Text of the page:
Common Punctuation Mistakes

With so many rules and different style guides, it’s hard to know what punctuation to use where in your writing. From comma splices to overuse of ellipses, there are a lot of mistakes you can make that cause you to look less than your best. I know—we all make mistakes. The mistakes I’m going to list below are based on The Chicago Manual of Style, as that is the most commonly cited style guide for writing, editing, and publishing fiction. There are different rules based on the various guides, so be wary of what type of writing you’re working on.

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  1. Comma Splices
    Comma splices happen when two independent clauses are joined by a comma. For example:

John ate dinner with us last night, we had a good time.

You could write this idea differently in a couple different ways.

John ate dinner with us last night. We had a good time.
OR
John ate dinner with us last night; we had a good time.

2. Incorrect Use of Hyphens, En Dashes, and Em Dashes
Yes, there is a difference between the three.

Hyphens are used to join two or more words together, such as when two or more words are connected and are modifying another word (to avoid confusion). A good example is up-to-date. Another good example, as given in the CMS, is to compare small animal hospital with small-animal hospital. The first indicates a regular animal hospital that is small in size. The second means a hospital that is only for small animals. It’s important to note that Chicago drops the hyphen when the modifying phrase comes after the noun. For example:

That well-known book is big right now.
OR
That book is well known and big right now.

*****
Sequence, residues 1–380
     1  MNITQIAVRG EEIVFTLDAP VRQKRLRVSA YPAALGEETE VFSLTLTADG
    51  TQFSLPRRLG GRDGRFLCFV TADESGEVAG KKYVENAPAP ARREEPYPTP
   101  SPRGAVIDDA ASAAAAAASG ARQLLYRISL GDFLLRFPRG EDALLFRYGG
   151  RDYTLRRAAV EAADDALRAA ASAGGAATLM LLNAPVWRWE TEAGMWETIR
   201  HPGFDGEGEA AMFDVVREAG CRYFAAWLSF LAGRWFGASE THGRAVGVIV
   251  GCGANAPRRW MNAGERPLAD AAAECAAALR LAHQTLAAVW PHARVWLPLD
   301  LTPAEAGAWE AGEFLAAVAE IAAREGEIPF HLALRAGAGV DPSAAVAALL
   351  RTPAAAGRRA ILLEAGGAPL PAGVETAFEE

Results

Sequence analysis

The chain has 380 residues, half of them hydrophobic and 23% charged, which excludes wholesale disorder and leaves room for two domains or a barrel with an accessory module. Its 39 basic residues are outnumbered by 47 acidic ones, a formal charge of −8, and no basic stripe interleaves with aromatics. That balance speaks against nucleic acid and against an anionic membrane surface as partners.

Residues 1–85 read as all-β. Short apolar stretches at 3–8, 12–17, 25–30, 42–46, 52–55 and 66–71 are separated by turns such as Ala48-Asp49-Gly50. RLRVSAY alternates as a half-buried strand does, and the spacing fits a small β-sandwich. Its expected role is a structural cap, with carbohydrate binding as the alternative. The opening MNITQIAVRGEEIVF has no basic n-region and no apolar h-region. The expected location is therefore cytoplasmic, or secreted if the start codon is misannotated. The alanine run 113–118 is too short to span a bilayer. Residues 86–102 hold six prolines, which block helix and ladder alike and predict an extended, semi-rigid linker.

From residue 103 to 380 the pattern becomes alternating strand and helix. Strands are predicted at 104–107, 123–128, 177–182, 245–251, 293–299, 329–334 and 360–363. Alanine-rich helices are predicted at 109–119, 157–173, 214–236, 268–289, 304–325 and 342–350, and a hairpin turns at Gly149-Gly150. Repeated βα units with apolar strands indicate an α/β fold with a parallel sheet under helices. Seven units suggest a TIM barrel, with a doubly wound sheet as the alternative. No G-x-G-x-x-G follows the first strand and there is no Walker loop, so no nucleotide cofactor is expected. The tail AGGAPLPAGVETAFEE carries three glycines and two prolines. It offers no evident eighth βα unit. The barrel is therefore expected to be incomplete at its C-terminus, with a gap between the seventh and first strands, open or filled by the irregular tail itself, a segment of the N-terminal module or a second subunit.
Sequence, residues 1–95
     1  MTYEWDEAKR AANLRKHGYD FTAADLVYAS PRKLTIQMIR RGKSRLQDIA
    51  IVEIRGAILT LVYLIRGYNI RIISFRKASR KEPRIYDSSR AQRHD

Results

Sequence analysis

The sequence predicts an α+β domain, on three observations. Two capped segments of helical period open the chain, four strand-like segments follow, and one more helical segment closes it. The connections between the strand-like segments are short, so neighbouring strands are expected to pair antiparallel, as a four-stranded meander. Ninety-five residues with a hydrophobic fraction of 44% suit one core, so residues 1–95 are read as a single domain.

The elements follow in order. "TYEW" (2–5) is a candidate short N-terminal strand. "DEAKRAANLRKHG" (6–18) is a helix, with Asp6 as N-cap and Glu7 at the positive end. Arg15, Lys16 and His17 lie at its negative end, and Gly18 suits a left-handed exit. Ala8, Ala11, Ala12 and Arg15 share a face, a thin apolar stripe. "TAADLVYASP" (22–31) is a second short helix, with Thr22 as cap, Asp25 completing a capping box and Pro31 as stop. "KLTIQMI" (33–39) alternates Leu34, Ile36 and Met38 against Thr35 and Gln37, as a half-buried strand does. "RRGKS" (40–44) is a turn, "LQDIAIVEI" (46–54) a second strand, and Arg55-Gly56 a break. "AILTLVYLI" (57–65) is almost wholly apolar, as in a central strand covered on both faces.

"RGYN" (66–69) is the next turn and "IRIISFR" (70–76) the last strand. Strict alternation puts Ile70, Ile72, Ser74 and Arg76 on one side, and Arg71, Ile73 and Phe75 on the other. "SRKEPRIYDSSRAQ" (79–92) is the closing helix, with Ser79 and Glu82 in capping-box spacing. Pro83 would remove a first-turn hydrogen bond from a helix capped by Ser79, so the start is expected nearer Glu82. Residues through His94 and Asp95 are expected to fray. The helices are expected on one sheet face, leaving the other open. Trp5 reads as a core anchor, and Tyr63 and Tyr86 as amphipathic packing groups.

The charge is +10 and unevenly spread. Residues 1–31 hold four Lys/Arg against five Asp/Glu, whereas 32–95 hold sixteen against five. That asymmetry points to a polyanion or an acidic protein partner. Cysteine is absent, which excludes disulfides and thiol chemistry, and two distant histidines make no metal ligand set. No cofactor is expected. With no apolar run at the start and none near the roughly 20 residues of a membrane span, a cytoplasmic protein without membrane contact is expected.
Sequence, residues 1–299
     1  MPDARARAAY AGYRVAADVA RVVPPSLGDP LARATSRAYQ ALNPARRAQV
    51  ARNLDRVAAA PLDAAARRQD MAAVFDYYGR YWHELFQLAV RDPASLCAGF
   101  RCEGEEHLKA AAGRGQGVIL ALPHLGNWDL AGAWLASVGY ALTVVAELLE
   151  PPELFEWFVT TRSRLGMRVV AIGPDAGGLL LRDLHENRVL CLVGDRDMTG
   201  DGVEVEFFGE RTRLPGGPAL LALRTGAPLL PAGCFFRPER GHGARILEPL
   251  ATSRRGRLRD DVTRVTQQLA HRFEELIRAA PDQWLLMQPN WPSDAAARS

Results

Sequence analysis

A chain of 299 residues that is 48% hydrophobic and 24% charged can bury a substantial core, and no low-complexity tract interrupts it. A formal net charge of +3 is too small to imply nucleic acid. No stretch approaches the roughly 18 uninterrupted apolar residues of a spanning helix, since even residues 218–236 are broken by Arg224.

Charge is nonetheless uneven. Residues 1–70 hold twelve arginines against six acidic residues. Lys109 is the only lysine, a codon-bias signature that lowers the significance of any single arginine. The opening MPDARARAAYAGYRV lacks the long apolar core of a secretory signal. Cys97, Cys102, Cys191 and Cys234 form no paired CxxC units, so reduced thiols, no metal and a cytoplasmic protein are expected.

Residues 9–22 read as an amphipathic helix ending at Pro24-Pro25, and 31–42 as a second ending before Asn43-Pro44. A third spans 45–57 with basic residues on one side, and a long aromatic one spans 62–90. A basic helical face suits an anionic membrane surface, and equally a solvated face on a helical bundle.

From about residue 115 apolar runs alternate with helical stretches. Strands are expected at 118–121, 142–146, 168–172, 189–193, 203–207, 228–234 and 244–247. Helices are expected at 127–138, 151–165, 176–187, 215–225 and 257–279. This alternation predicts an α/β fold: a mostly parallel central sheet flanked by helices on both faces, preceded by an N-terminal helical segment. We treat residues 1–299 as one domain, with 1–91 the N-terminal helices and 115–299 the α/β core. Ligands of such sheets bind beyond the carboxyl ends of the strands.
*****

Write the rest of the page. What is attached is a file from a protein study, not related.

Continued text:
The hyphen can also be used as separators, such as when you have a character spelling out something:

“My name is Skylar. That’s s-k-y-l-a-r.”

En Dashes typically connect (or deal with) numbers. (Words? Not nearly as often.) It means up to and including (or through) with continuing numbers. It can also indicate an unfinished range of numbers. Note that there should be no spaces around the dash. (Not in Chicago Style, anyway.)

John lived 1920–2005.
Barry Wolfe (1965–) or Barry Wolfe (b. 1965)

According to the CMS, the en dash can sometimes replace a hyphen in the use of compound words, as long as it makes sense or there isn’t already a hyphen in one of the words.

Em Dashes are probably the most well known of all the dashes. They separate an explanatory element in a sentence—instead of commas, parentheses, or colons.

I bought three antique books—all Nancy Drew Mystery Stories that are first or early editions—at the bookshop down the road.

You can also use em dashes around dialogue to indicate sudden breaks. If the break belongs outside the dialogue, then the em dashes go outside the quotation marks. For example:

“I didn’t know, and”—her voice grew hoarse with desperation—”there was no way I could’ve known.”

Bear in mind that you should never use a comma, colon, or semicolon directly in front of an em dash. A question mark or an exclamation point, however, can be used in such a manner. You can also use em dashes in place of commas for a more stylistic type of writing:

“How could you—” began Catalina, but Rob cut her off.

3. Overuse of Commas
This mistake seems to be a commonly cited one, but it’s one I personally tend to make when writing first drafts. I apparently have an affinity for commas, which means I have to carefully edit my writing during revisions for excess punctuation. To give an example:

The girl, however, started to get dressed, pulling on jeans and a t-shirt, but, her boyfriend ignored her, all while lying in bed.

The above is a huge mess of a sentence that needs to be broken up. While it’s (technically) grammatically correct, it makes for quite awkward reading with so many pauses. You could fix it up several different ways, but one definite edit is to split this up into more than one sentence: